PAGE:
Leafcutter bees (Megachile gentilis) lived in the area around the La Brea Tar Pits for the last 40,000 to 50,000 years.
The anatomical examination conducted by the researchers indicates the bees have changed very little since the Late Pleistocene.
The examination of the nest and the materials the nest was composed of indicates that ancient leafcutter bees preferred a moderately moist climate and inhabited lower elevations during the Late Pleistocene. The leaves that composed the cells in which the bee pupae developed were traced to a region near the nest site that probably was near a lake or river.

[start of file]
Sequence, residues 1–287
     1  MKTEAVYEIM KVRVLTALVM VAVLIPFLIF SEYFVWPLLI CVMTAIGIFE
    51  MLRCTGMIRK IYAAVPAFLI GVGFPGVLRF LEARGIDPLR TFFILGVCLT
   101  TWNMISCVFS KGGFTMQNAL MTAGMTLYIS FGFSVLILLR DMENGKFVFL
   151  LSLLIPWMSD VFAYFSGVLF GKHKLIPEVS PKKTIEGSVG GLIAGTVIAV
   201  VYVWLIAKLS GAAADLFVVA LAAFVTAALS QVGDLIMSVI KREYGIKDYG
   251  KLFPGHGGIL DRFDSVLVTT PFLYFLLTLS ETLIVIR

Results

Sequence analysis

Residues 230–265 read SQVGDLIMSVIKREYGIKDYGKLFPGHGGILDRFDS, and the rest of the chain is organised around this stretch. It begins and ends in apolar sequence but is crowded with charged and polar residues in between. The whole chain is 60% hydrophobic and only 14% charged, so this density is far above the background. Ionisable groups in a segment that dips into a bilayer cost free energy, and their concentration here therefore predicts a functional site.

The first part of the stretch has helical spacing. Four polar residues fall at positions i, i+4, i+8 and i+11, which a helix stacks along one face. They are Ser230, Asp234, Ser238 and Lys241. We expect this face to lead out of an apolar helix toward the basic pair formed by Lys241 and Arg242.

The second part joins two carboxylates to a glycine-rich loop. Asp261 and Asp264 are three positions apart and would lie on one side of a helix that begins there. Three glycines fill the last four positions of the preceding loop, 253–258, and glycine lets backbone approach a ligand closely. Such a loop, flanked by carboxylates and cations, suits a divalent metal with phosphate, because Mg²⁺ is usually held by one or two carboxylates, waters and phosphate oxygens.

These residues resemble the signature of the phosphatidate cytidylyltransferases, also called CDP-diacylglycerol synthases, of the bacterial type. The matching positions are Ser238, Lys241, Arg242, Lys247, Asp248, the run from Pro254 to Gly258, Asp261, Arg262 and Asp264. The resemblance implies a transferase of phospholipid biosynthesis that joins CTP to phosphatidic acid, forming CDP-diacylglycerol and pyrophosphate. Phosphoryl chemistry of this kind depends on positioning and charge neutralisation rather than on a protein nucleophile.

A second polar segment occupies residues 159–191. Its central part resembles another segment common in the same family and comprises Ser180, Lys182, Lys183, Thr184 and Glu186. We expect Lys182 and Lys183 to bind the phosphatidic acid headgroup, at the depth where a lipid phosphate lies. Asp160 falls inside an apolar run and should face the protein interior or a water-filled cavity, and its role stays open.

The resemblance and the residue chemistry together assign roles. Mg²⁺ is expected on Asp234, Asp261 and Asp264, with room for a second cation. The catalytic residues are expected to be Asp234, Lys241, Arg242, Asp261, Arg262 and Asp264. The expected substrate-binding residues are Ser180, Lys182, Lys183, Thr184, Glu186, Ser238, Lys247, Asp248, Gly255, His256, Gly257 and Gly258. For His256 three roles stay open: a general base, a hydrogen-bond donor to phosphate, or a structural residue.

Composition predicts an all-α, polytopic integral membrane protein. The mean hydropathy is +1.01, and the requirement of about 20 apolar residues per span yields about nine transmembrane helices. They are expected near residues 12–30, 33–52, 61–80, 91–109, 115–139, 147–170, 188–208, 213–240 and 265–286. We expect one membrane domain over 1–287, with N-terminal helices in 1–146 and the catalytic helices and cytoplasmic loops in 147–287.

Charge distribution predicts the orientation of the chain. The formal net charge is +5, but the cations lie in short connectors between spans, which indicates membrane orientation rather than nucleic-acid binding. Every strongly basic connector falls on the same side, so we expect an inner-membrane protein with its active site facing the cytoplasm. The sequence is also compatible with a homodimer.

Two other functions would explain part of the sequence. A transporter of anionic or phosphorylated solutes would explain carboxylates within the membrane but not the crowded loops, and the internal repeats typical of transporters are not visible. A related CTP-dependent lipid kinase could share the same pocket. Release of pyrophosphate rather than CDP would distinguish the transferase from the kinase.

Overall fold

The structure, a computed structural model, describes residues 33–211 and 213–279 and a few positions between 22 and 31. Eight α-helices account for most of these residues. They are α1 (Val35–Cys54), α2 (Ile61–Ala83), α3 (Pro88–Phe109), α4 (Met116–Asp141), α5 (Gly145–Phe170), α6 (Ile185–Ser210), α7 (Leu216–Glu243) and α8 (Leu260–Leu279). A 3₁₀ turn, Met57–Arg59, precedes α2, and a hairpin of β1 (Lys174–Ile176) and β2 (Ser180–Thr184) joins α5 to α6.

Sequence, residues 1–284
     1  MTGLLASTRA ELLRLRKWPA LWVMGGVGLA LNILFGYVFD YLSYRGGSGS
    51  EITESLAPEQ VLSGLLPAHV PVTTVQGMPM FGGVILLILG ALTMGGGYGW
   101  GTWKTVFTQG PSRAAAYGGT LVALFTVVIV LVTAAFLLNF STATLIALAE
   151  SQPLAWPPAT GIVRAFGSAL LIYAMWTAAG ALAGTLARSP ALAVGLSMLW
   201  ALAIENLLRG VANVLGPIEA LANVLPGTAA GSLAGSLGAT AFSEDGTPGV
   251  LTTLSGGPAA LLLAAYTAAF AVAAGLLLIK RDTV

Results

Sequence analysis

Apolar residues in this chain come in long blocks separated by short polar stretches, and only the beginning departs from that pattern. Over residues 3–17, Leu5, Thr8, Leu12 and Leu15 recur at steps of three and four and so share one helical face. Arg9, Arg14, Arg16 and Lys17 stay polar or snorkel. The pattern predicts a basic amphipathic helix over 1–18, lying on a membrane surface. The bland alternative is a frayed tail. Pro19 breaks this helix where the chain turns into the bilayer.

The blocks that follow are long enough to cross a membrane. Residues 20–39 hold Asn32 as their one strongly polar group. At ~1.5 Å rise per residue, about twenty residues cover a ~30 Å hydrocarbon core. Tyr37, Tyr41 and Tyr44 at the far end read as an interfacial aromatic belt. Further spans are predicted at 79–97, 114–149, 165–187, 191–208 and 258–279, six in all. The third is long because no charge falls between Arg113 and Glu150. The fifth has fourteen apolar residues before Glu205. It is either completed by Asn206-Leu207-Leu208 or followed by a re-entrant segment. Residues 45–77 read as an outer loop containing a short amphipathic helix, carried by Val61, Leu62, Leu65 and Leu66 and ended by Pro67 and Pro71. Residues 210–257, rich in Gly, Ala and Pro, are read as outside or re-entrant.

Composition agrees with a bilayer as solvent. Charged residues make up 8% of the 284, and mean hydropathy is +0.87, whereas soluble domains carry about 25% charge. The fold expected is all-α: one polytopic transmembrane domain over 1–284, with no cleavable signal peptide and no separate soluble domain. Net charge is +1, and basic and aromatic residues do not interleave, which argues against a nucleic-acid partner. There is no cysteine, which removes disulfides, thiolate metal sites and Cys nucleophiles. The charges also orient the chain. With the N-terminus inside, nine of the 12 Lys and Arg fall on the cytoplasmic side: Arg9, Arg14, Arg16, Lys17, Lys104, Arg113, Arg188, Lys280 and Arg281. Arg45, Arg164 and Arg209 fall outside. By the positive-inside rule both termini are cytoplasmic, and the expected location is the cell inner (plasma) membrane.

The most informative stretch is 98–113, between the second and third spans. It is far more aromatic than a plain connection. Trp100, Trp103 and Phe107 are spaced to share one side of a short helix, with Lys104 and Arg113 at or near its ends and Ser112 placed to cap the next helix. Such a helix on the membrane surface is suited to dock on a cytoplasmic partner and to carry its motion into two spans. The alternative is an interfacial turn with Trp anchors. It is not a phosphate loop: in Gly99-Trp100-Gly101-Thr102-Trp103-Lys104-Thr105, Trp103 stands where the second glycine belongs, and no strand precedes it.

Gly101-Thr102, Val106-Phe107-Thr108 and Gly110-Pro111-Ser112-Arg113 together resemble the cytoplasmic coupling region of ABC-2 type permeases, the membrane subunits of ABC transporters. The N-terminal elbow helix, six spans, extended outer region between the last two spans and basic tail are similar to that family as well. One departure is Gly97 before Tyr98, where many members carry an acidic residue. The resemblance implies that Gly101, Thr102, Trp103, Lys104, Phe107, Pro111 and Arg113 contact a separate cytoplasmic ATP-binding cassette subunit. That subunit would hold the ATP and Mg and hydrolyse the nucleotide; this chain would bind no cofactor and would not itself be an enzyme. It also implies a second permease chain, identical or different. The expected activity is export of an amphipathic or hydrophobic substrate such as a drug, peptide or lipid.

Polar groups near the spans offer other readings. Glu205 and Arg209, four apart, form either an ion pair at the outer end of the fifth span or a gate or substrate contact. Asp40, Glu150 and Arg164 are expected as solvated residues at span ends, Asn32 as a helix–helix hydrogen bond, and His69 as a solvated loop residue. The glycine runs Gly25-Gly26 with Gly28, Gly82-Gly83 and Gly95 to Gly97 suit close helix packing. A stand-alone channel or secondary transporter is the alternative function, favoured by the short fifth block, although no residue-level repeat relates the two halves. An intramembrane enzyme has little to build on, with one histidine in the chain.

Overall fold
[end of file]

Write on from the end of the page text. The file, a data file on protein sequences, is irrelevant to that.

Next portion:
This is one of the few exacting examinations of insects recovered from the La Brea Tar Pits and is indicative of the wealth of information stored in insect fossils. examiner.com / Link 2
Related video: Evolutionary Biology Research / F. Robin O'Keefe and Julie Meachen / Page Museum
Vídeo YouTube por Page Museum at the La Brea Tar Pits el 10/4/2014 añadido a Paleo Vídeos > Prehistoria Universal > L.R.2.6 nº 38.